RACGP calls on govt to address urgent reform of primary healthcare

26 July, 2016

The Royal Australian College of General Practitioners has called for the Federal Government to quickly address plans to sustain and improve our health system, focusing specifically on the most cost-effective part of the health system, general practice.

"In the first 100 days of this new Government, all parties must work together - the RACGP, the profession, patients, and other stakeholders - to create the groundwork for generational changes to the nation's healthcare system," RACGP president Dr Frank R Jones said. 

The RACGP – which represents more than 90 per cent of Australia's GPs with 32,000 members - has a short, medium and long-term vision towards a sustainable and effective healthcare system.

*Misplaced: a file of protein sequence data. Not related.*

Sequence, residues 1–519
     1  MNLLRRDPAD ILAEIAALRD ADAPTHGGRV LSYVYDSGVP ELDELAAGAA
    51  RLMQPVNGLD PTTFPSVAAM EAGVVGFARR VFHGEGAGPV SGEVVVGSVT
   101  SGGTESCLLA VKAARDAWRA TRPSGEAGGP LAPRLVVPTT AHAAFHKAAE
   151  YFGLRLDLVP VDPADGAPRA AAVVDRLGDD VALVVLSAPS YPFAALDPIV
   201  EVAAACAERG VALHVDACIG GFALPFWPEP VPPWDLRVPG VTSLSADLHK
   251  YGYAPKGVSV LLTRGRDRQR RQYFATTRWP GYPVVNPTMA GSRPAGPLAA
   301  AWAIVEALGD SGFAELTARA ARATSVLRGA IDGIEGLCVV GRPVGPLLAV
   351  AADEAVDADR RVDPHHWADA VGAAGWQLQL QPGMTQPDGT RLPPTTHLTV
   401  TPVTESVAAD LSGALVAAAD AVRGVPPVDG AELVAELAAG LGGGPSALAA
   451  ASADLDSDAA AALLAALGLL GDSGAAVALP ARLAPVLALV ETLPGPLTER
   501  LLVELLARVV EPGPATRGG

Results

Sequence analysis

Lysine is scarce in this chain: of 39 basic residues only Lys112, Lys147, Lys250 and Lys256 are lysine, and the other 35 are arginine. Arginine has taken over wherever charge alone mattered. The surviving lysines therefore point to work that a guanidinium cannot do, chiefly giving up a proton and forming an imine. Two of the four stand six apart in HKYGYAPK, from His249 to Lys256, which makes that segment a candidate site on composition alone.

"Our goal is to strengthen the fundamentals of primary healthcare, which is the most efficacious part of the health system, and to improve the general health of our communities through better prevention.

"The first priority for the Government is the immediate lifting of the freeze on the Medicare Benefits Schedule (MBS) general practice specific patient rebates, a move which would cost $160 million per year - half the cost of private health insurance indexation. This will enable general practice to maintain the present level of excellence but is only a stop-gap and a detailed funding model for the future of general practice is an imperative," Dr Jones said.

"The RACGP has an actionable plan that if implemented will help to ensure Australians will continue to have an affordable, high-quality, health system."

Other recommendations from the RACGP include swiftly completing the MBS review and the removal of low-value items with the direct savings channeled into the indexation and new MBS items for general practice services.

Around 85% of the population see their GP each year.  

"The primary healthcare sector needs long-term solutions and innovation backed up by appropriate evidence-based research to meet the needs of an ageing and increasingly complex patient population," Dr Jones said.